Measurement of Resistance
DC bridge plays a significant role in the measurement of resistance. In these two circuit branches are bridged by a third branch connected between the first two branches at some intermediate point along with them.
The best-known bridge circuit, the Wheatstone bridge, was invented by Samuel Hunter Christie and popularized by Charles Wheatstone and is used for finding the value of unknown resistance. Wheatstone bridge is constructed from four resistors, two of known values R1 and R3 (see diagram), one whose resistance is to be determined Rx, and the variable R2.
At the point of balance,
The Wheatstone bridge has also been generalized to measure impedance in AC circuits.
Limitations of Wheatstone Bridge
The Wheatstone bridge gives inaccurate readings if it is unbalanced. The Wheatstone bridge measures resistance from a few ohms to megohms. The upper range of the bridge can be increased with the help of the applied emf, and the lower range is limited by connecting the lead at the binding post.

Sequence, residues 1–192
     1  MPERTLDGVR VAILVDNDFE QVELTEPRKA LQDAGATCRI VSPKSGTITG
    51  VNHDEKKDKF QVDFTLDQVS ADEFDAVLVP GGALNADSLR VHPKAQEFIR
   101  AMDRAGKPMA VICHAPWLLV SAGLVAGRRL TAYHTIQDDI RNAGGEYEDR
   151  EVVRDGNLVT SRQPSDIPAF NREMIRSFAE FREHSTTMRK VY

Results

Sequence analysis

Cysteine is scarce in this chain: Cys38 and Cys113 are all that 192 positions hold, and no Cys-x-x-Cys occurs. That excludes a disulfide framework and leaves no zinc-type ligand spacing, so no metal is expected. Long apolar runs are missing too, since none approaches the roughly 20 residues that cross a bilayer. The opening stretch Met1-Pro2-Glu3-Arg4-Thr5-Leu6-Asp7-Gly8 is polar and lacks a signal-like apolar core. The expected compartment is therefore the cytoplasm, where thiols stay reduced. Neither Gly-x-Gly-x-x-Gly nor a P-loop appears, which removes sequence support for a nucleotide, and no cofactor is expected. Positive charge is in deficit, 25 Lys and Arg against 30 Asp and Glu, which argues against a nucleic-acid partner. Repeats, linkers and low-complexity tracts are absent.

Kelvin Double Bridge
Kelvin Bridge is just like a Wheatstone Bridge with a few modifications. Primarily the modifications contain sets of arms, one with resistances P and Q and the other with resistances p and q. R is the unknown low resistance and S is a standard resistance. Here r represents the contact resistance between the unknown resistance and the standard resistance, whose effect we need to eliminate.
For measurement, we make the ratio P/Q equal to p/q, and hence a balanced Wheatstone bridge is formed leading to null deflection in the galvanometer. Hence for a balanced bridge, we can write:
Hence, we can eliminate the contact resistance completely and hence error due to it.